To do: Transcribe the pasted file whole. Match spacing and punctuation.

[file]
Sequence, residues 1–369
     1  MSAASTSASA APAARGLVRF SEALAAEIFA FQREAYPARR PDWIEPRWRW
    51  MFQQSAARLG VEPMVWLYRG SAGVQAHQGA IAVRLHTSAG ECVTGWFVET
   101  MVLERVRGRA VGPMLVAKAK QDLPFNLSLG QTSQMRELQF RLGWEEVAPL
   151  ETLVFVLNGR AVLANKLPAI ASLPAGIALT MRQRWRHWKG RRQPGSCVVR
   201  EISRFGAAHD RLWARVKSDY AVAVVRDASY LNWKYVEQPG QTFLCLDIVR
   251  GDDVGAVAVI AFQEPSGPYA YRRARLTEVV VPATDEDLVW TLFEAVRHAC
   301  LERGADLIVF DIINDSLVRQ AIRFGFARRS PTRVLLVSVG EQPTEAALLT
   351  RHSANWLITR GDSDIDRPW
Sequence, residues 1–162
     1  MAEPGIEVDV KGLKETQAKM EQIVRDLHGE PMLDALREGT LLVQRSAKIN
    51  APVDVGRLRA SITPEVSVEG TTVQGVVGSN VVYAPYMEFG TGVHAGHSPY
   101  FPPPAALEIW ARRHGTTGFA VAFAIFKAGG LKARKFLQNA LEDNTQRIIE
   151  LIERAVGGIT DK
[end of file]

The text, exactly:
Sequence, residues 1–369
     1  MSAASTSASA APAARGLVRF SEALAAEIFA FQREAYPARR PDWIEPRWRW
    51  MFQQSAARLG VEPMVWLYRG SAGVQAHQGA IAVRLHTSAG ECVTGWFVET
   101  MVLERVRGRA VGPMLVAKAK QDLPFNLSLG QTSQMRELQF RLGWEEVAPL
   151  ETLVFVLNGR AVLANKLPAI ASLPAGIALT MRQRWRHWKG RRQPGSCVVR
   201  EISRFGAAHD RLWARVKSDY AVAVVRDASY LNWKYVEQPG QTFLCLDIVR
   251  GDDVGAVAVI AFQEPSGPYA YRRARLTEVV VPATDEDLVW TLFEAVRHAC
   301  LERGADLIVF DIINDSLVRQ AIRFGFARRS PTRVLLVSVG EQPTEAALLT
   351  RHSANWLITR GDSDIDRPW
Sequence, residues 1–162
     1  MAEPGIEVDV KGLKETQAKM EQIVRDLHGE PMLDALREGT LLVQRSAKIN
    51  APVDVGRLRA SITPEVSVEG TTVQGVVGSN VVYAPYMEFG TGVHAGHSPY
   101  FPPPAALEIW ARRHGTTGFA VAFAIFKAGG LKARKFLQNA LEDNTQRIIE
   151  LIERAVGGIT DK